Anyway, "route win percentage" is as far as I'm going, stat-wise. Let's talk about tape.
Albert Wilson tape
Watching Wilson against the Cardinals, there's a lot to like. He was up against a solid secondary and showed up very well despite that. With that in mind, let's start with the areas of improvement Wilson will need to continue to work on.
Wilson's route running isn't particularly impressive. He (at times) rounds his breaks and isn't as sudden as you'd like for a guy with his quickness. If you were to draw out his routes it often wouldn't be with a pair of straight lines but a curve. You want sudden, quick bursts. That comes with footwork, which comes with reps. Many, many reps.
However, than that tendency to round out his breaks, there wasn't much from this game I DIDN'T like. As I mentioned earlier, I counted 13 different types of routes run by Wilson. For a guy who wasn't supposed to be able to run a full route tree, that's impressive. Additionally, Wilson was able to gain separation on more than just the short, quick routes.
Remember Dex? He was able to create separation on very specific types of routes because of his quickness and footwork, but that was it. He didn't have the speed over 10 yards to create consistent separation with anything but quick outs or ins. That's not Wilson.
Wilson displays a burst of speed in his fly routes that force defenders to respect him over the top. That's one thing you notice right away. He also, because of his quickness, keeps corners on their toes for a break into an out, in, or comeback route once he gets them turned and running up the field. In order to create consistent separation a receiver needs to be able to do both (quicker routes and "long speed" routes). It works symbiotically; if a defender can't predict what you'll do, EVERYTHING gets a little easier.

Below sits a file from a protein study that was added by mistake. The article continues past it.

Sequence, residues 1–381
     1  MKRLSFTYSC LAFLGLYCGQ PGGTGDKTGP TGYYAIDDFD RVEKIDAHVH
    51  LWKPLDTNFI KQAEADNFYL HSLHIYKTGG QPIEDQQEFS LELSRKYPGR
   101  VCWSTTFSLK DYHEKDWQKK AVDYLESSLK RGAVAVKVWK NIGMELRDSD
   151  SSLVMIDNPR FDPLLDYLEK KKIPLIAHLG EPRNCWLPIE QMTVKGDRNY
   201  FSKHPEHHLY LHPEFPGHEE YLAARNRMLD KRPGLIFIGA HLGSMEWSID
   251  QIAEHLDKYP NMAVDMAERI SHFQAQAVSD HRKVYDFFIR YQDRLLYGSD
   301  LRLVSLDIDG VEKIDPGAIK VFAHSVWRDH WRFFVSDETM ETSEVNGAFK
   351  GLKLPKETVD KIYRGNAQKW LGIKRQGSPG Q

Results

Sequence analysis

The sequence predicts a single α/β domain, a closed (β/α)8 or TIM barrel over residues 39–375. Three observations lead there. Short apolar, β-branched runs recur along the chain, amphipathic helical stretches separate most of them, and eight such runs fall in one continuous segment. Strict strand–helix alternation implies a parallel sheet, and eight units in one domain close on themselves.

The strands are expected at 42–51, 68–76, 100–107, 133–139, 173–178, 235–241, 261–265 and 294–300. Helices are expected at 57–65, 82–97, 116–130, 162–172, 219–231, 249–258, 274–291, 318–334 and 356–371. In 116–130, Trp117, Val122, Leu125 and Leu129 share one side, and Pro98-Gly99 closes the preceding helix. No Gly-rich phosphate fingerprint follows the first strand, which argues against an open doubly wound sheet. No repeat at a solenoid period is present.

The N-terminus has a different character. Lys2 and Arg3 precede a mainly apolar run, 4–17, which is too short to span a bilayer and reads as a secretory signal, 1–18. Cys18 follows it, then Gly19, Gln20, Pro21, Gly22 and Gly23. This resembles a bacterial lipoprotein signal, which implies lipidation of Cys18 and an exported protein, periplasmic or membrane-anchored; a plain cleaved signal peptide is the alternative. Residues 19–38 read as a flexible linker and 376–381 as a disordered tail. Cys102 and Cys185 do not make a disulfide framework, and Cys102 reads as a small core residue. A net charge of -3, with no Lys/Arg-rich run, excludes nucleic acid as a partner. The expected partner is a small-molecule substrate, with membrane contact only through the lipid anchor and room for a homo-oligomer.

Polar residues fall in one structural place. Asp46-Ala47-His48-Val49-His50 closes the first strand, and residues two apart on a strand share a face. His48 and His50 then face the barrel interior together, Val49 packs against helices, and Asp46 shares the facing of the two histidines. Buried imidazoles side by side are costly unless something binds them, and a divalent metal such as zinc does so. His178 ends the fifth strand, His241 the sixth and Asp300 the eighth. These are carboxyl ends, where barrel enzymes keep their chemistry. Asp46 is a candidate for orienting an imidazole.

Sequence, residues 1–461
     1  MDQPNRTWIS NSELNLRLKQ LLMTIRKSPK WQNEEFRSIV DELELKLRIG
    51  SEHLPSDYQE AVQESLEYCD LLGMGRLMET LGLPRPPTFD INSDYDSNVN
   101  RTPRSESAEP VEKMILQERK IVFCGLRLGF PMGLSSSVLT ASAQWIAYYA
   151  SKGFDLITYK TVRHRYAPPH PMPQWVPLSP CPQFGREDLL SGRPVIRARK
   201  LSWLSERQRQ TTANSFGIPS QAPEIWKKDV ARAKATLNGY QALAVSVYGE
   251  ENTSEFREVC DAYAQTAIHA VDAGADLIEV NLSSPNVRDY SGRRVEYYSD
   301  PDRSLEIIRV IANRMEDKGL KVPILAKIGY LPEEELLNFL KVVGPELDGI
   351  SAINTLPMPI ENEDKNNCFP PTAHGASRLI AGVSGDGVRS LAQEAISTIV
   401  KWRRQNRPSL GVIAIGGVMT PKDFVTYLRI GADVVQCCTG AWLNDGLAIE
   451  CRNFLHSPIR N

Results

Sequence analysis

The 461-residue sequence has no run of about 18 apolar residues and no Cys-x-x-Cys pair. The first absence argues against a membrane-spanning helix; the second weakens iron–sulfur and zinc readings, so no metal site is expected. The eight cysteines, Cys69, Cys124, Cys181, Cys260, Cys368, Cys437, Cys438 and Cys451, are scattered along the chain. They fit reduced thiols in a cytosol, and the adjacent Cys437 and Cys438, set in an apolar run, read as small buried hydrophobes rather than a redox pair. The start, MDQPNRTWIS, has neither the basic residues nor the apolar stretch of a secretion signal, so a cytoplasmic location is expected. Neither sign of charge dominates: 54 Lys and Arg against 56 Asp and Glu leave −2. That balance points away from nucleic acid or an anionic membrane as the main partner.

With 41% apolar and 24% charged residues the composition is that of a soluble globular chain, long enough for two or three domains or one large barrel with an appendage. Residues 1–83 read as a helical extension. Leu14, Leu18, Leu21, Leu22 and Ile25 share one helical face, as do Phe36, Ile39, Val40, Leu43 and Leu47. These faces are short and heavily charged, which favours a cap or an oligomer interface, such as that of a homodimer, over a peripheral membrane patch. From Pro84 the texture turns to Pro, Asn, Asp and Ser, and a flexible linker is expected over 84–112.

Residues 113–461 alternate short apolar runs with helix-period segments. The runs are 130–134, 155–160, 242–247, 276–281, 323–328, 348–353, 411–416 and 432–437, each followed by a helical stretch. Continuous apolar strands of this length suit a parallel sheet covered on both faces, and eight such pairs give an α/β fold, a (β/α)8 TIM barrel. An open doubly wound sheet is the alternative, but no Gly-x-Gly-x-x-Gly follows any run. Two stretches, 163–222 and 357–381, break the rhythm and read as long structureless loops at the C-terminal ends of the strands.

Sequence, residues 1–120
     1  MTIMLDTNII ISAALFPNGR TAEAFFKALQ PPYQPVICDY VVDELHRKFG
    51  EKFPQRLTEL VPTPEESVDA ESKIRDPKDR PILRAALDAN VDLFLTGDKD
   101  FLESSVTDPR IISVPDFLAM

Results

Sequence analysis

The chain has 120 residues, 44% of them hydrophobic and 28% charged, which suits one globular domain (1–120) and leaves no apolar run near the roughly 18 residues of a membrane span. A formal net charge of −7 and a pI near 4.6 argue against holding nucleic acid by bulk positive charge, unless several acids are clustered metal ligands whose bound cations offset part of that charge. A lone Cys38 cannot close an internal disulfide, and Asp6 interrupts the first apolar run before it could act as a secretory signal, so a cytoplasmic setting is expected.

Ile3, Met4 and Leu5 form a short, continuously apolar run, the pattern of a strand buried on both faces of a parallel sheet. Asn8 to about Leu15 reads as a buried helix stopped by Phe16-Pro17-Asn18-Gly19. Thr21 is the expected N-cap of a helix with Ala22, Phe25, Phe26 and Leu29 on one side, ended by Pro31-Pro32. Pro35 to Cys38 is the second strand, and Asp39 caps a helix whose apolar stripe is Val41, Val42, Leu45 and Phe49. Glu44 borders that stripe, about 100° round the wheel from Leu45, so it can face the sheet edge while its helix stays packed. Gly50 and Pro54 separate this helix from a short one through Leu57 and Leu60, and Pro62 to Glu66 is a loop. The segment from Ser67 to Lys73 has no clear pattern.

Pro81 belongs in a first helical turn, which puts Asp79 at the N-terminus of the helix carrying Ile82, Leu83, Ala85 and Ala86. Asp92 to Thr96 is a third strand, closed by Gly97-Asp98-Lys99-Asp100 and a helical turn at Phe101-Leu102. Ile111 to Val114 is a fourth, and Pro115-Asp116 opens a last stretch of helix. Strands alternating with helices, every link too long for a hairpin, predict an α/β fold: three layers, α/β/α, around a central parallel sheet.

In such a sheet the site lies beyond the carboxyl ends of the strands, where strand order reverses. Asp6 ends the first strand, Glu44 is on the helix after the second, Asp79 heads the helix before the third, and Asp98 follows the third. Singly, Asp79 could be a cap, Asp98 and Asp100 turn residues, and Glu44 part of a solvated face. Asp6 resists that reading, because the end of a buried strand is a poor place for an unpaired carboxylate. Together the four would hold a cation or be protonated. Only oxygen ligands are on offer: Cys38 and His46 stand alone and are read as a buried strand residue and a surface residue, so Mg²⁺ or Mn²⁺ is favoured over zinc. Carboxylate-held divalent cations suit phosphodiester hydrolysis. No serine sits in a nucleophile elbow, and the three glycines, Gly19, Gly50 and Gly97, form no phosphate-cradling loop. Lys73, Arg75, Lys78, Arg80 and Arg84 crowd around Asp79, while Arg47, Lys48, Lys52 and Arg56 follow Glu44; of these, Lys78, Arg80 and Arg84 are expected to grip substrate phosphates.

Wilson used his "dual threat" nature in order to keep the corners on him guessing. Several times Wilson ran a stop and go route, and both times it was enormously successful. the first time he created more than enough separation for a throw. The screenshot below catches the moment right after Wilson accelerates following the "stop."
There's already enough separation there that had Smith anticipated Wilson "winning" the route there's more than enough space to drop the ball between the corner and the safety. Wilson only added to that separation over the course of the next half second (an eternity in football), demonstrating a key difference between Wilson and a receiver like Dex; Wilson KEEPS separation once he's gained it due to his superior long speed.
Wilson wasn't targeted on the play (Smith's big scramble for a first down), as he didn't even appear to look at Wilson before taking advantage of the huge opening in front of the line of scrimmage.
The other time I saw Wilson run a stop and go he beat the corner so badly the corner was forced to slam into Wilson more than 10 yards down the field (no flag, unfortunately) to try and keep Wilson from getting wide open. Wilson, to his credit, bounced off the contact and still got separation.
Wilson used mutliple "combo" type routes to get open. Here, Wilson faked a quick out route only to turn upfield in something closer to a go route.
Smith was already looking the other way and wouldn't come back to Wilson on the play, which is a real shame.
One almost got the sense that, despite the eight targets, Wilson wasn't a large part of the gameplan against the Cardinals. There were plenty of snaps where I didn't see Smith even look at Wilson, instead making a quick throw elsewhere in a clearly designed play.